Japan’s refusal to sanction Myanmar undermines Biden’s strategy

A protester holds up a painting of Myanmar's detained civilian leader Aung San Suu Kyi to mark her birthday during a demonstration against the military coup in Yangon on June 19, 2021. - AFP

YANGON/TOKYO, June 20 (Bloomberg): When hundreds of protesters gathered outside Japan’s embassy in Yangon during the height of nationwide anti-coup protests in February, Ambassador Ichiro Maruyama emerged from the gates with a firm warning for the junta: Release the detained civilian leadership "immediately.”

The remarks, delivered in Burmese, drew applause from pro-democracy demonstrators hoping Japan would take concrete action to pressure Myanmar’s military, also known as the Tatmadaw.

But since then Japan has resisted calls to impose sanctions or suspend ongoing infrastructure projects, saying only it would avoid carrying out any new non-humanitarian deals with the junta.

"Within the international community our country has many routes of communication with Myanmar, including the Myanmar military, ” a Japanese Foreign Ministry official said by phone in response to written questions. "We understand that many countries, not just ours, are considering what is the best way to deal with this, based on the situation.”

Still, the country also has a history of defending Myanmar generals. In 2019, Ambassador Maruyama said "there is no genocide in Myanmar” in response to a case at the International Court of Justice over allegations of atrocities on its Muslim Rohingya population in western Rakhine State.

"We fully believe that the Myanmar military will keep its promise” to prosecute anyone who committed human-rights abuses, the Irrawaddy quoted him as saying.

Beijing has blocked uniform sanctions at the United Nations Security Council and said its policy toward Myanmar was unaffected by the coup, granting the regime legitimacy on the world stage.

"Given how much money they have put in, and the fact that they see it as geo-economic competition with China, they are very hesitant to pull out, ” Simon Tay, chairman of the Singapore Institute of International Affairs, said regarding Japan.Japan’s ties with the Southeast Asian country go back to World War II, when the regime in Tokyo helped revolutionaries led by Aung San - father of modern Myanmar and the now detained civilian leader Aung San Suu Kyi - form the Tatmadaw in its fight for independence. While Japan later occupied Myanmar until 1945 and Aung San turned against them, the countries have maintained close relations even under long periods of military rule.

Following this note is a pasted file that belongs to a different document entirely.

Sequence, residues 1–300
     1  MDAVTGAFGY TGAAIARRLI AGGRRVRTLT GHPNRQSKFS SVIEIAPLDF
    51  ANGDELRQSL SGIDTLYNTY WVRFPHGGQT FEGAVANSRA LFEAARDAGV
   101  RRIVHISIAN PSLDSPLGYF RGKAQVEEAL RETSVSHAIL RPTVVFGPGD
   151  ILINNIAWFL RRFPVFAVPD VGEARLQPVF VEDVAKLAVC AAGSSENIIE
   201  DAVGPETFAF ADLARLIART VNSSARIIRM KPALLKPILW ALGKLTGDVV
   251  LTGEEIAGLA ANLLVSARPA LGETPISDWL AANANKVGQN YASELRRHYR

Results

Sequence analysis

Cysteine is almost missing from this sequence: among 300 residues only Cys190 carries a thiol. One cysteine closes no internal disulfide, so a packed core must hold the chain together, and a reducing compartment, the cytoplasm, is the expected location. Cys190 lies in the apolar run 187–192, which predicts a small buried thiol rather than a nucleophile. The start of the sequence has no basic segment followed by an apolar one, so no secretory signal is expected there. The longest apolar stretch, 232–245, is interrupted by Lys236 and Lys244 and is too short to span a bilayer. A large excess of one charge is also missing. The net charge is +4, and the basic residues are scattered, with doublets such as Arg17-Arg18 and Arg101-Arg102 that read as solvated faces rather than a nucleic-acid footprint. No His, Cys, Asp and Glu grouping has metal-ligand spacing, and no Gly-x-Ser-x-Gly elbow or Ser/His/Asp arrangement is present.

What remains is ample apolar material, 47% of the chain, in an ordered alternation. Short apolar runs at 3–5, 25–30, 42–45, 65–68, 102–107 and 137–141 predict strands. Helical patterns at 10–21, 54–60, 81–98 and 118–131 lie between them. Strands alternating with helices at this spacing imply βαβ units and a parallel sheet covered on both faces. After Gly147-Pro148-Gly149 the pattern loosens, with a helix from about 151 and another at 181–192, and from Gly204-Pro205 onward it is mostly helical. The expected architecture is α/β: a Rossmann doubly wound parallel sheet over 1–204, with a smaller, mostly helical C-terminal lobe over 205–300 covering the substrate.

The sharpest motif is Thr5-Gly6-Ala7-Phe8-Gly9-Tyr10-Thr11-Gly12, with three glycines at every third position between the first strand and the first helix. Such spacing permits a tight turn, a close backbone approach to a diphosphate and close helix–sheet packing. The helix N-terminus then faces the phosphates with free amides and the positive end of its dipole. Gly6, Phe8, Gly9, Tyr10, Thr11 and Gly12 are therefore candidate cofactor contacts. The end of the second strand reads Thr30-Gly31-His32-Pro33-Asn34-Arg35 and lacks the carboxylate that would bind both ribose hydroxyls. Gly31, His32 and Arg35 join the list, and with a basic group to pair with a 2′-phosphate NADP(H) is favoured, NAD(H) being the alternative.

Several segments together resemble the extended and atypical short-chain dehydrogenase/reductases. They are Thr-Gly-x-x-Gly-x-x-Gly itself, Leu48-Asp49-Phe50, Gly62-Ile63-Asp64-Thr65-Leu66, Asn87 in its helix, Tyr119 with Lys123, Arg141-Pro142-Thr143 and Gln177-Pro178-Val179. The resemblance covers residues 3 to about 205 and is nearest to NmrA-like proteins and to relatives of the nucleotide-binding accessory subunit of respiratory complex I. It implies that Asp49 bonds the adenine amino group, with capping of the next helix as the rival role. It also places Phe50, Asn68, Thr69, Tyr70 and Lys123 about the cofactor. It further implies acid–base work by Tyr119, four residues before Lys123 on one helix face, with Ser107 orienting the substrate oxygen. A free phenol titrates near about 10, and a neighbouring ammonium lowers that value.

When Myanmar ushered in sweeping political and economic reforms about a decade ago, Japan was rewarded with high-status projects, joining with public enterprises to establish the Yangon Stock Exchange and the country’s only operational special economic zone. As of April, Japan was its third largest foreign investor nation behind Singapore and China, with nearly $2.4 billion in capital since the 2016-17 fiscal year, according to data from Myanmar’s Directorate of Investment and Company Administration.

But since the Feb. 1 coup, companies have come under intense pressure to back away from investments tied to the military after security forces killed hundreds of protesters.

Among them is Kirin Holdings Co., which said days after the coup it would end its joint-venture partnership with military-run Myanma Economic Holdings Public Co. in the country’s largest brewer after buying a $560 million majority stake six years earlier. In a statement, the company said it’s "taking urgent steps” to terminate the arrangement but didn’t have a timeline yet.

Mitsubishi UFJ Financial Group was listed in a December report by Justice for Myanmar among international companies connected to Telecom International Myanmar Co. Ltd., or Mytel, a company the U.S. Department of the Treasury said was set up by Min Aung Hlaing. A Mitsubishi spokesperson said the company doesn’t comment on individual businesses.

Justice for Myanmar alleges that Mytel’s biggest shareholder, Viettel Group, which is owned by Vietnam’s Defense Ministry, mines user-data that could be used for military purposes by the Myanmar junta. The regime had also ordered operators to shut their networks in an effort to stifle protests following the coup. A Viettel spokesperson said the company would not comment on the issue, while Mytel didn't respond to multiple requests via email and phone for comment.

The Japanese government is more concerned with economic and human security in Myanmar than punishing the military with coercive moves, according to Moe Thuzar, a fellow at Singapore’s ISEAS-Yusof Ishak Institute."The half measures here are probably intended as negotiation points toward a constructive outcome, ” she said. "The risk here is of course the military junta manipulating any space that it is given, or deciding to ‘walk with fewer friends.’” - Bloomberg

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Myanmar , Japan , Biden , Strategies , Japanese Govt


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